News & BlogNew prison education contracts create challenges and opportunities
New prison education contracts create challenges and opportunities
18th January 2019
By Francesca Cooney, Head of Policy at Prisoners’ Education Trust
In April, we’ll see the biggest changes in prison education for many years. As with all major change, this brings risks and challenges, but it also brings a real opportunity to make prison education more relevant, more effectively coordinated and more flexible.
Following on from the government’s ‘governor autonomy’ agenda, the responsibility for managing education in prisons will sit with governors from 1 April. The Ministry of Justice has carried out a procurement process for the new education providers, known as the Prison Education Framework (PEF). With prisons grouped into ‘lots’ of 17 mainly geographical areas, the new contracts will run for four years, with an option of extending them for another two. There are different systems for Wales, and for most contracted out prisons, who are not part of this process. Alongside the PEF process, governors will also be able to directly commission services through the Dynamic Purchasing System (DPS).
The new education provision will be supported by a new policy framework, which has been out for consultation and is in the process of being finalised. In line with the policy shift to more flexibility for governors, it will include very few mandatory requirements. Another significant policy shift is prioritising prisoners’ access to employment opportunities. The Education and Employment strategy published by the Ministry of Justice in May 2018 focused mainly on employment and this is also reflected in a shift in job title – some Heads of Learning and Skills (HOLs) are now Heads of Learning, Skills and Employment (HOLSEs).
Education providers announced
The four providers of the new PEF contracts (Milton Keynes College, Novus, People Plus and Weston College) are the four current education providers. However, there has been some movement, with all providers having lost or gained eight or nine prisons in the new arrangements. Overall, 39 prisons have a new education provider, out of 102 prisons in the process.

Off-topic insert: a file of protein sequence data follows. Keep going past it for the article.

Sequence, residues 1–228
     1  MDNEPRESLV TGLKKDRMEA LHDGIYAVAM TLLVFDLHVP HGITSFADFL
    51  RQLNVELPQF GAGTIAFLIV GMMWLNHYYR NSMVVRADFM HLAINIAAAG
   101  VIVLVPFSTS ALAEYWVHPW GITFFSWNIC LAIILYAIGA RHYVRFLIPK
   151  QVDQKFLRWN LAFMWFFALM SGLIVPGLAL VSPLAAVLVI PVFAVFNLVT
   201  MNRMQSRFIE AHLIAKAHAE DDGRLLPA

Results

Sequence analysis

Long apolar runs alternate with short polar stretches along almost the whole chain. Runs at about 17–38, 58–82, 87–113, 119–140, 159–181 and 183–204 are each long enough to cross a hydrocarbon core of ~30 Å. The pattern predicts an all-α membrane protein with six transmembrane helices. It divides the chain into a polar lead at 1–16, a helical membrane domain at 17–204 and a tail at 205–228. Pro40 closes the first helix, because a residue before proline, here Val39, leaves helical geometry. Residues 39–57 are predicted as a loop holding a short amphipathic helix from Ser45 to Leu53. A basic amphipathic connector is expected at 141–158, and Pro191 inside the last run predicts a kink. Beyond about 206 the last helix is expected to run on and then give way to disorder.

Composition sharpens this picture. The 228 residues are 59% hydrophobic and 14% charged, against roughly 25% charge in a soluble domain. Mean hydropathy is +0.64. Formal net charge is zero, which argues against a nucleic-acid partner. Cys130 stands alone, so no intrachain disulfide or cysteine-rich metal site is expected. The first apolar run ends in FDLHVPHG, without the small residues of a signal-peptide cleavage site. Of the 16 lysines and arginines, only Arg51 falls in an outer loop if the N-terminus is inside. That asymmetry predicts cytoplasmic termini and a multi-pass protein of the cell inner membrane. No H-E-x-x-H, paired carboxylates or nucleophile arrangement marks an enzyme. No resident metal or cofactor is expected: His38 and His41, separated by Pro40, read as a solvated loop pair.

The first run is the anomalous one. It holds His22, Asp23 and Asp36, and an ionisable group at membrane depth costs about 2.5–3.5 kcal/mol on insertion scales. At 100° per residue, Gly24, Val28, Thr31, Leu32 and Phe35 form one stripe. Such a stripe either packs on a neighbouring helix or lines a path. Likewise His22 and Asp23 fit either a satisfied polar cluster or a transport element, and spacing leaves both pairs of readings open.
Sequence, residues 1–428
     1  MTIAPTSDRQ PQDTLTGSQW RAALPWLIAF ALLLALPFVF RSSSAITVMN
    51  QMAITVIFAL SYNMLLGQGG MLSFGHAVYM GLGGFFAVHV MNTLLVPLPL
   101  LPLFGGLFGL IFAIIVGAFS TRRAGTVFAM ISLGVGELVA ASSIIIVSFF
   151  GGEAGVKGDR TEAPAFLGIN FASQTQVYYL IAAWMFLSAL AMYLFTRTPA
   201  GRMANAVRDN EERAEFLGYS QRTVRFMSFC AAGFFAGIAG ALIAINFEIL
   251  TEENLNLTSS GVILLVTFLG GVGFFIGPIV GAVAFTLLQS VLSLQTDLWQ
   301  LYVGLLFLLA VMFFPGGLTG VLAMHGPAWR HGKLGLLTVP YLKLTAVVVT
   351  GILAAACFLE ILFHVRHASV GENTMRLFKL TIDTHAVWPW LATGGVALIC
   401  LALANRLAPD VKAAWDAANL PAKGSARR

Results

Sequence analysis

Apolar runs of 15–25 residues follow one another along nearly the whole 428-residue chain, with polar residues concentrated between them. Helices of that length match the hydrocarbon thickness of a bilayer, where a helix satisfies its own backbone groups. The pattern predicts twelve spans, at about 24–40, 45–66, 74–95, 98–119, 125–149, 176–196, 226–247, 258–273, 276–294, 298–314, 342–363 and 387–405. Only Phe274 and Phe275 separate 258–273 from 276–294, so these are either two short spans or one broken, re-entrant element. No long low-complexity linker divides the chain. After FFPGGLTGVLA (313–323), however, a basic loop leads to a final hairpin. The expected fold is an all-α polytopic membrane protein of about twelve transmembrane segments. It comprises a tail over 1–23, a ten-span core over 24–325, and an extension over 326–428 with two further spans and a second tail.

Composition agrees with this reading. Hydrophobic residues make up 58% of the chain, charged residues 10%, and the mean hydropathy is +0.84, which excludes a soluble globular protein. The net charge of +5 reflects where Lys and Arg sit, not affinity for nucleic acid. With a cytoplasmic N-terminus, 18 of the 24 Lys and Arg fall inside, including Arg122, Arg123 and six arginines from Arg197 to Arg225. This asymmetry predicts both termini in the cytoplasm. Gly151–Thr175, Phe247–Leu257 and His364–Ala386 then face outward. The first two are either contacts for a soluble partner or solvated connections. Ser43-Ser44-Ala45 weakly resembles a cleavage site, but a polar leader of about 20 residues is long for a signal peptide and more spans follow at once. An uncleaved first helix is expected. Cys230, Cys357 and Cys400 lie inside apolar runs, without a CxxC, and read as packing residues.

Although having an incumbent provider should potentially make the transition to the new service easier, it’s important to remember that the provider is working to a new contract from 1 April. This means that new curriculums, resources, regimes, staffing and practical arrangements need working through, which is happening at the moment. In addition, it is a new relationship – as the education contract is being more directly managed by the prison governor and their teams and the nuances of this can be complex.
Flexibility and accountability
The new contracts – in theory – have built-in flexibility, but it will be interesting to see how this works on the ground. The idea is that if a governor finds that a service is not being delivered through the PEF, they will be able to take action easily, holding the provider to account and asking for an improvement plan. Ultimately, if the provider fails to take action to improve the service, they could lose 5 per cent of their budget for the next quarter.